Amyl And The Sniffers rip it up in the round at London’s York Hall

Ringside with the Aussie punks as they face off against the whole damned capital

Plenty of heavyweights have passed through Bethnal Green’s historic York Hall, and Australian punks Amyl and the Sniffers pulled out all the punches during their two-night stint at London’s historic boxing venue.

Set up like a boxing ring for the sold-out double header, all eyes were on centre stage as the blood-thirsty crowd came anticipating a bout of pugilism, packed around the venue’s two tiers as the smell of sweat and booze wafted through the building.

Proudly sauntering out to Crystal Waters’ 1991 floorfiller ‘Gypsy Woman (La Da Dee)’, the Aussie band lapped it up during their ring walk as singer and cult icon Amy Taylor assessed all 360 degrees around her before screaming into the mic: “What’s up c*nts?!” And it was pure chaos that ensued, with chants of “Aussie Aussie, oi oi oi” and “get rowdy” encouraging the 1,200-strong crowd to let loose. Not that any encouragement was required – crowd surfers were already being ushered out of the pit and over the barriers just two songs in. 

The Sniffers’ punishing rhythm section put punters through their paces during ‘Freaks To The Front’ before powering through fan favourites’ I’m Not A Loser’, ‘Guided By Angels’ and ‘Security’, all anthems about giving a finger to mainstream society from the fringes.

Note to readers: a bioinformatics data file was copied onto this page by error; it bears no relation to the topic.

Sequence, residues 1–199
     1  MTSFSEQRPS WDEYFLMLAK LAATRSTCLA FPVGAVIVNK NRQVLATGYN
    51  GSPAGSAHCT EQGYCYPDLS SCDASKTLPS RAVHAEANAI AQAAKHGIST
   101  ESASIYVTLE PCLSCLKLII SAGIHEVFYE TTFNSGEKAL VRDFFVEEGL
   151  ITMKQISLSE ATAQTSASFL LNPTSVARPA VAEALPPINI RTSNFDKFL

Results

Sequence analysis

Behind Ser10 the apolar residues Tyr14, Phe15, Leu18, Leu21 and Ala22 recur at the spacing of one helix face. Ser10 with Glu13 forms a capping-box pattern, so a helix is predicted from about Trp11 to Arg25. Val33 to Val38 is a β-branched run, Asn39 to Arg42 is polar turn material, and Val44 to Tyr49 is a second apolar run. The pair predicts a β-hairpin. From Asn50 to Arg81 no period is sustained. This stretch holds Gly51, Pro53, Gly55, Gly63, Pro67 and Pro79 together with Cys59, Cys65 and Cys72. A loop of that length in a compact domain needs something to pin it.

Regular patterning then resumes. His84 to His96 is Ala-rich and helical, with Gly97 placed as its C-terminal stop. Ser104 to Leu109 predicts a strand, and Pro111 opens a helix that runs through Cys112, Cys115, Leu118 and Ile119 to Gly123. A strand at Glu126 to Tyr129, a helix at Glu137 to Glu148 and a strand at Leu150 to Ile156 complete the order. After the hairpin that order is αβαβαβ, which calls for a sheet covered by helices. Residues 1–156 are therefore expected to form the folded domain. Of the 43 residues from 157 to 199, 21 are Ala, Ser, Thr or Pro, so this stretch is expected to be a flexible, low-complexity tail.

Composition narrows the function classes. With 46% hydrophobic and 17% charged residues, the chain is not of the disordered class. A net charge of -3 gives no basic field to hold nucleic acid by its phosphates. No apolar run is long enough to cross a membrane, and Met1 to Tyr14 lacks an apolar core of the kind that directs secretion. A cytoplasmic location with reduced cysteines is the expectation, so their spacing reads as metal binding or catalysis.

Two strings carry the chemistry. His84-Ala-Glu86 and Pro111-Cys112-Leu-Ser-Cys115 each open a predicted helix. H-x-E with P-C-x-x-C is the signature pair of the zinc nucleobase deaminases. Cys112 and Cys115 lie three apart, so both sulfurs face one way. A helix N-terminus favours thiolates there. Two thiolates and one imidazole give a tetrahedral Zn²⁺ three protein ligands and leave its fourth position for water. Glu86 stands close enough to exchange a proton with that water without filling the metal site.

Amy Taylor has often described how difficult she found it to forge a career in music because of her background and image, frequently being consigned to selling merch at local shows during her youth when she wanted to be tearing it up. Now she’s a bonafide bandleader – prowling around the stage in neon shorts and crop top, knee high leather boots and her trademark bleached mullet, Taylor embodied the kind of demonic showmanship you’d have seen from Iggy Pop during his time in The Stooges. 

Amy’s enthusiasm, idiosyncrasies, and penchant for profanity is what makes Amyl and the Sniffers so much fun. But it’s her lyrical potency that makes her so relatable, with tracks like ‘Knifey’ detailing her anger and frustration at having to be on guard every time she’s out late at night.

Taylor then marched into the moshpit for ‘Got You’, offering up the mic to fans as she made her way round the stage’s perimeter before making her way back for a ferocious finale of ‘Some Mutts (Can’t Be Muzzled)’ and Comfort To Me’s pulverising shout-a-long ‘Hertz’. With no encore, it gave the opportunity for the overjoyed Amy Taylor to end the night’s proceedings with some crowd karaoke, inciting a sing-song to Baccara’s ‘Yes Sir, I Can Boogie’. Despite the disco-tinged finale however, Amyl And The Sniffers proved they’re punk music’s reigning heavyweight champions.

Find tickets to upcoming gigs and tours here.